We then condensed the mood board into different approaches that we could possibly pursue. The design team split into each of these approaches and created mockups of the home page.
We used Neue Haas Grotesk as our typeface on a dark background to align with the Vignelli style. The specific shade of colors were chosen by our Art Director to compliment the tone of the photography.
“Always respect the Canon.” — Armando Milani
These are some of the early iterations I mocked up for the Home page. What’s consistent among these mockups is the content organization. With our designer-focused films, I thought it would be interesting to strategically categorize and order the films.
By grouping and ordering the films with intention, we implied a linear narrative while providing multiple starting points for people who aren’t familiar with the content. Grouping the films and giving each category a title was our attempt to evoke curiosity and give people an incentive to watch the films.
“How can we be more radical?” — Jekyll & Hyde
This is the iteration prior to the final design of the Home page. As you can see in the previous iterations, when creating mockups for the home page, I had aimed to contain all the information on the landing screen to remove the friction of scrolling. Though I realized this was simply a false constraint that limited our opportunity to challenge people’s expectations.
It’s important to reduce friction to achieve an intuitive user experience, but I also value the emotional impact that we evoke through interactions. This emotional impact is what resonates with people and influences them to revisit the page, as a collection of positive interactions grow into a memorable experience.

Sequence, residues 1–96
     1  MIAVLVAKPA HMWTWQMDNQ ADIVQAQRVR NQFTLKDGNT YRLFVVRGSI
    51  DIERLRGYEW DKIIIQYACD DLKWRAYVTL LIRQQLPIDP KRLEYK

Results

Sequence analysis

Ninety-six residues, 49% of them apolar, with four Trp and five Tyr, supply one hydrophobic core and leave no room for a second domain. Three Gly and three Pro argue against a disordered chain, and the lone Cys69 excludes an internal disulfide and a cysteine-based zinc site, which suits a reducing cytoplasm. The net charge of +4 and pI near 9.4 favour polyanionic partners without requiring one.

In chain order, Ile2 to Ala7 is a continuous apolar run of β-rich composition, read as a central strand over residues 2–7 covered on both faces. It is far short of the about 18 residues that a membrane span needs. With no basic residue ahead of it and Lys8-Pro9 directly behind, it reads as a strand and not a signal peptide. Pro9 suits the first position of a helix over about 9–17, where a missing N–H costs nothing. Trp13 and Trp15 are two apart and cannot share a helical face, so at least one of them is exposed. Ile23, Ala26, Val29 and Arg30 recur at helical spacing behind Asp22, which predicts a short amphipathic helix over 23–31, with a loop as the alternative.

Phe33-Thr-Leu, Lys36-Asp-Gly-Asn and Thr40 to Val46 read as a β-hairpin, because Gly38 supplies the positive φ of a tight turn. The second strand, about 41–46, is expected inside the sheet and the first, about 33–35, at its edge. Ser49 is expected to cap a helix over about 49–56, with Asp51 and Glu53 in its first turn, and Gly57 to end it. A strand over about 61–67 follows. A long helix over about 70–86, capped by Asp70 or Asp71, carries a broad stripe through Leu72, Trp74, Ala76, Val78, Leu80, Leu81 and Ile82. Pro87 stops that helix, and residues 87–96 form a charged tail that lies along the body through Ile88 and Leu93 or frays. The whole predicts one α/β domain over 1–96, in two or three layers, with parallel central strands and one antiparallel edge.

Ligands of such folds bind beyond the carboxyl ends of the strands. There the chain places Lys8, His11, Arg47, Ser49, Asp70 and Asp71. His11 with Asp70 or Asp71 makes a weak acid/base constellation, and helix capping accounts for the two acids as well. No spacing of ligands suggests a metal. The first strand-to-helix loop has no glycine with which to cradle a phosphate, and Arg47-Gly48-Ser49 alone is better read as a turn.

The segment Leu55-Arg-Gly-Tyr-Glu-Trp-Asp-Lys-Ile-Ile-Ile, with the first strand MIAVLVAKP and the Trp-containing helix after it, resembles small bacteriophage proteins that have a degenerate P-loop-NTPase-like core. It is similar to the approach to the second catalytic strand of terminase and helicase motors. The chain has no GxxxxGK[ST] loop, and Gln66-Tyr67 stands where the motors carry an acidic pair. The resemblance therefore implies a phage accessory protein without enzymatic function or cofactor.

This is the final design of the Home page. The design team shared insights and refined the presentation of content as well as the visual design of the film series based on the previous mockup.
With the content strategy in mind, we also wanted to explicitly communicate what the Field School site is about. Many people in the community who haven’t experienced Field School struggle to understand the true value of committing 8-months to the Field School program. Past sites emphasize the team aspect more than the films that contain the experience and learnings, and these sites have represented Field School in their own unique ways, though we wanted to be clear about our intention. This concept is also portrayed on the Credits page, in which our Art Director chose to showcase the architectural landscapes and create contrast with how the designers were being represented.
With this perception in mind, I wanted to directly apply the concept of Ambiguity by making the landing screen itself ambiguous at first. Though as people scroll down the page, more information is revealed and will begin to understand the site in a linear order.
By boldly increasing the size of the copy and creating a void on the landing screen, people were required to scroll down to read the entire description. I operated under the assumption that people will scroll, and that requiring an interaction with the page would increase the likelihood of people taking the time to read the copy while creating visual impact. After user-testing, all of our participants scrolled after seeing the landing screen, and was fully engaged with the copy.
The visual impact of the designer portraits were powerful so we wanted to leverage these portraits and introduce a nice surprise on hover. This is where the experience lies. We saw this section of the site as an opportunity to entice people to dig deeper into the site.
To boost the visual impact, we took a specific typographic approach that doesn’t distract away from the portraits while revealing information that evoke people’s curiosity. In the form of 3 anchors, we revealed the Volume description and the film title that hinted what the film is about. For films that contain multiple designers, we added a circular timer with the portraits to automatically swift through the portraits every 3 seconds.
The intention behind the interaction design was to establish a slower pace for the audience. This pacing was first established by people scrolling down the large copy, and then the slow entrance of the portraits in the film series section. At first, there were no transitions, though by creating a fade-in transition from the side, the interaction became more dynamic and prevented people from quickly hover down the list. Because the portraits were part of the visual narrative, we wanted people to take the time to enjoy each portrait.